Students occupy art school over cuts plan

Students have occupied a London art school in protest over cuts to foundation courses.

March 23, 2015

Dozens of protesters took over the reception area of the main building at Central Saint Martins in King’s Cross, London, over changes to its foundation courses in art and design.

Students at the sit-in at Saint Martins, which is part of the University of the Arts London, say up to 800 places will be lost when the courses at the London College of Communication (LCC) are abolished and those at Camberwell College move to Saint Martins. However, UAL says this figure is wrong and puts it at less than 600.

The occupation began on the evening of 19 March, leading to the closure of the Lethaby Gallery as locks placed on doors are apparently blocking access to a fire escape. 

The protesters claim the loss of foundation courses would hinder efforts to recruit students who lack formal qualifications and reduce the quality of arts education at the college.

“The link between foundation and degree is vital, both for access for those from marginalised backgrounds, and for the quality of arts education and the ability of artists to explore different fields,” said Indiana Lawrence, a foundation student at Camberwell College of Art.

“What is being proposed is devastating, and we will stay here for as long as it takes to make UAL back down,” she added.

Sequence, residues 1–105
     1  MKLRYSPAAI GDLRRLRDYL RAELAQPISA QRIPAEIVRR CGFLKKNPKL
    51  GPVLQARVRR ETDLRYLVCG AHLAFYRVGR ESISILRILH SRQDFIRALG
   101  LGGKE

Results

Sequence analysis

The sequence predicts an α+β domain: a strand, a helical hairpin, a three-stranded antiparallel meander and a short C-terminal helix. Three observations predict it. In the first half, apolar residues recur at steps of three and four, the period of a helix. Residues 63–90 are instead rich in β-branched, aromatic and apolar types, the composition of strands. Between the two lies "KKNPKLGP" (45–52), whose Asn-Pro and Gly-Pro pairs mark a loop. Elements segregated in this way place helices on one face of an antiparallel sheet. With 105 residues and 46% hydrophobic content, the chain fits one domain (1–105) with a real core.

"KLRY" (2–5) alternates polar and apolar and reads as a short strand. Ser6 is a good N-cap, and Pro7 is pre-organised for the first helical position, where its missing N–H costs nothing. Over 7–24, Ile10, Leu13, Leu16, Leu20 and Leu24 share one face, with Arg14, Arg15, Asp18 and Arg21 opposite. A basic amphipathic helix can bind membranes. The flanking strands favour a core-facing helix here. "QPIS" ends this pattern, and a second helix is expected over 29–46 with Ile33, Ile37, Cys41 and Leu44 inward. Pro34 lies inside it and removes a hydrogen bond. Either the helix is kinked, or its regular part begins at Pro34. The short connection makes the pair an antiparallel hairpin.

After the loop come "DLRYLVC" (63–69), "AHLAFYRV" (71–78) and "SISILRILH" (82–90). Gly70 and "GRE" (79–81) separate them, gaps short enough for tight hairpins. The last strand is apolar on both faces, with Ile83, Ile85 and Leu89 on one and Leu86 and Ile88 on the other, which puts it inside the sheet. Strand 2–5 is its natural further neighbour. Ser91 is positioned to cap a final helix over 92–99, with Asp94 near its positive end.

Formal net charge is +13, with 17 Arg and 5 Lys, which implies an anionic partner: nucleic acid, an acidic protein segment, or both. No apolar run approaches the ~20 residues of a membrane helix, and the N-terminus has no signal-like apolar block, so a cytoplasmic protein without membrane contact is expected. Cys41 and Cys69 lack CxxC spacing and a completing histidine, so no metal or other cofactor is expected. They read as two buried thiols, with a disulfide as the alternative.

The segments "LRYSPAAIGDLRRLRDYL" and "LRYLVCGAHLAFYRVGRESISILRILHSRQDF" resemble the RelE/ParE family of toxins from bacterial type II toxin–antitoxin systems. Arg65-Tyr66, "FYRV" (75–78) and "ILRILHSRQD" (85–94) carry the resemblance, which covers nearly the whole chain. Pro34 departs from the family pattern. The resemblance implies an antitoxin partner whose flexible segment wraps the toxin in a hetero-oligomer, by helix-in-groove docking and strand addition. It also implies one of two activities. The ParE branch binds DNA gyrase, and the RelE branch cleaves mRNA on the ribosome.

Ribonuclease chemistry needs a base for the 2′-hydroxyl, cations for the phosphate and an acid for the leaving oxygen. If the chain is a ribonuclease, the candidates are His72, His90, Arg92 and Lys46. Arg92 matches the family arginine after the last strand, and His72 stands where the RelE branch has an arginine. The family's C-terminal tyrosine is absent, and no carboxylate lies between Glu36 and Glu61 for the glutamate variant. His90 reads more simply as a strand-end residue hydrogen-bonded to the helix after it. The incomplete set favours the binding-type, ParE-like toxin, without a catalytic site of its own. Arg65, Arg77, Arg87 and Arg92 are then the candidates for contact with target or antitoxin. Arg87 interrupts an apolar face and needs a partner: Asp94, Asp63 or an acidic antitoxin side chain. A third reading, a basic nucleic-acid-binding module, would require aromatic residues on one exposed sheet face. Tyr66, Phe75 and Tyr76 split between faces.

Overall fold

Protesters say a meeting will be held on 24 March to inform staff about how many jobs will be lost as a result of the changes.

The university says it is happy to meet a delegation from the student protests to discuss their demands, but has defended the cuts, which it says will lead to the loss of 580 places over the next two years.

It said the foundation is “not necessary or appropriate for students on non-art and design courses, of which there are many at UAL”.

“Non-art and design students – mainly at London College of Communication – will therefore no longer be required to undertake foundation courses there,” a spokesman said, adding that this “seems an effective response to a hostile funding environment”.

In addition to calling for a reversal of the cuts, the protesters have also issued a list of demands, which include increased financial transparency about how course fees are spent and the inclusion of student and staff representatives on the university’s executive board.

The full list can be found here.

Shelly Asquith, president of UAL students’ union, said management has “no mandate for pushing through these cuts”.

“They have continually undermined education in favour of profit-making and have shown contempt for engaging with the student body in any meaningful way,” she said.

“It’s clear that this government couldn’t care less about the arts – I would expect better from our own university,” she added.

The occupation is due to hold a public meeting on 23 March at 6pm.

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